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20100217
20100217
Search Results 0 to 10 of about 11 (some duplicates have been removed)
in place. we had hank, ben bernanke tim geithner and sheila bair the head of the fdic. i know a lot of people in finance and a lot of people in business and government. and i can't think of for that would have done a better job of getting us through that. now it's kind of fashionable to look back and pick at one aspect or another of what was happening and our country's financial system froze up during that period. some of you in this room were at a party i was at in september of 2008, one to talk was the money market funds saved. if we have 3.5 trillion fun missile by 30 million people who on is and they might are worrying about whether they can get their money that was half of all the process held by u.s. banks at the time you have a panic. you had commercial paper frees up entirely in the biggest companies of the united states and some are described in this book that worried whether they were going to meet their payroll and a short period of time to read the sixth largest bank in the country in terms of the domestic deposits, washington mutual failed over a weekend. you had the th
. ben bernanke and company were feeling more upbeat about the recovery at last month's fed interest rate meeting. in minutes from the late january meeting, policymakers agreed on the need to eventually raise rates, but they differed on when to start. meanwhile, the treasury says more americans are benefiting from the administration's foreclosure prevention plan. through january, almost a million homeowners had their mortgage payments cut, but those trial loan modifications have only been made permanent in 116,000 cases. walgreen's will soon be the corner drug store in new york city. it's buying duane reade for $618 million. the deal makes walgreen's the city, and the nation's, largest drug store. >> susie: the recovery in the hotel business has a long way to go, and 2010 will be another tough year. so says the man who runs intercontinental hotels, and the holiday inn and crown plaza chains. his cautious outlook comes a day after the intercontinental hotel group reported a 34% drop in quarterly profits. joining us now, andy cosslett, intercontinental's c.e.o. >> welcome to "nightly busin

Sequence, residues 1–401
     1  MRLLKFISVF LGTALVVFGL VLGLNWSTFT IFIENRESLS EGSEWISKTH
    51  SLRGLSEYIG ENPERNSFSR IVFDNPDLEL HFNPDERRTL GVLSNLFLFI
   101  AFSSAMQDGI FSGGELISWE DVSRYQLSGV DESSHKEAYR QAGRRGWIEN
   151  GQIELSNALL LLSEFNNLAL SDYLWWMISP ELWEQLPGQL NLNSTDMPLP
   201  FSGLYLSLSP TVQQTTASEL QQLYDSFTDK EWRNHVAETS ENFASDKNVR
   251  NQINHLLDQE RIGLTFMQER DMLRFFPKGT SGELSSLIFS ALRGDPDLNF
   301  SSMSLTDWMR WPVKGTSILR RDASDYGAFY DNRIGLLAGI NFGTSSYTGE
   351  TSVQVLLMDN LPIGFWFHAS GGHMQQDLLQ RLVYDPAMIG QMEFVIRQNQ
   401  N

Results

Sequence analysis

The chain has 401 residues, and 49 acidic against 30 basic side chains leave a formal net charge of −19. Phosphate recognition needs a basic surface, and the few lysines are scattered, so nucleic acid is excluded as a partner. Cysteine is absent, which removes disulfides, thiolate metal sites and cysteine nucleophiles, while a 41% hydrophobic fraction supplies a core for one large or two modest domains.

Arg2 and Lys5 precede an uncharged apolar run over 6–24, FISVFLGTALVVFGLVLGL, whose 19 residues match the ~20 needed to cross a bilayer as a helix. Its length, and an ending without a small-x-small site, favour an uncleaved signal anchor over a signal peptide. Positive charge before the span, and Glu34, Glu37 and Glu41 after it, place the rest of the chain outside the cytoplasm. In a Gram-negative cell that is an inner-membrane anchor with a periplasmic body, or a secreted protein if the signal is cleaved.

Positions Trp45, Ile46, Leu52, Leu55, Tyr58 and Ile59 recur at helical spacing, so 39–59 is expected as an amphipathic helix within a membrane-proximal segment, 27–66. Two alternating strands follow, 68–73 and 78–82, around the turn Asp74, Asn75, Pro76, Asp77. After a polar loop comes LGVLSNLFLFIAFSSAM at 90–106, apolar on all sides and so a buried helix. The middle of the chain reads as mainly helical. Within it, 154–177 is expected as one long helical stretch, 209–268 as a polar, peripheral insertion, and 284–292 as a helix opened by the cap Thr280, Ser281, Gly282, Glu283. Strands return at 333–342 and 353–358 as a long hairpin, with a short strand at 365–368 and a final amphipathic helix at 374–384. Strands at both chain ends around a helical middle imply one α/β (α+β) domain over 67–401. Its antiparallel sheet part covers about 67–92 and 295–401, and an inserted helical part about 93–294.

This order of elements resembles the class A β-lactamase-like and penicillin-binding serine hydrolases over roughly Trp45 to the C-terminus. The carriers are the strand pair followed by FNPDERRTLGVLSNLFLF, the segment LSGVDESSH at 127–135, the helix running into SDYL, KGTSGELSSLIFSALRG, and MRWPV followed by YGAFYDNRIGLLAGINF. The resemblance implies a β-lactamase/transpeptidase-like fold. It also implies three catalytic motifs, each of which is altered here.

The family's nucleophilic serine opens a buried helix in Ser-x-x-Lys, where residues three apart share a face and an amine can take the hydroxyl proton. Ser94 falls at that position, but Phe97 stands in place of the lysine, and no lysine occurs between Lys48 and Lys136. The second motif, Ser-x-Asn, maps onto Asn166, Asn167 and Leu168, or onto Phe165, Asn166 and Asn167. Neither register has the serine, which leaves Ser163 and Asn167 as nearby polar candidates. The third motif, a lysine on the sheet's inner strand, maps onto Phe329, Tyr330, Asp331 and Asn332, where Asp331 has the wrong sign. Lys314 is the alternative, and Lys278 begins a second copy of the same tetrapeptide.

. people still point to may of '07 when bernanke says subprime is 9% of mortgages, right? they're not infallible. and we can't expect them to be, i guess, is the answer, right? >> none of us is infallible. if you didn't learn that, you missed something over the course of the past three years. >> dan's with us for the rest of the program. we've got a lot more to talk about. >>> meantime, any questions or comments this morning, we'd love to hear from you. our address is squawk@cnbc.com. >>> when we come back, european exposure, debt crisis overseas, how some u.s. companies might be impacted. >>> still to come, olympic skiers headed to the starting gate at whistler while bankers in new york await a possible auction. we'll get an update from daniel nu mudd, the ceo of fortress, just ahead. >>> time now for today's "aflac trivia question." what baseball player nicknamed the georgia peach amassed 4,189 hits in his career? this is not more benefits at greater cost to your company insurance. this is not how does it fit in my company's budget insurance. this is help protect and care for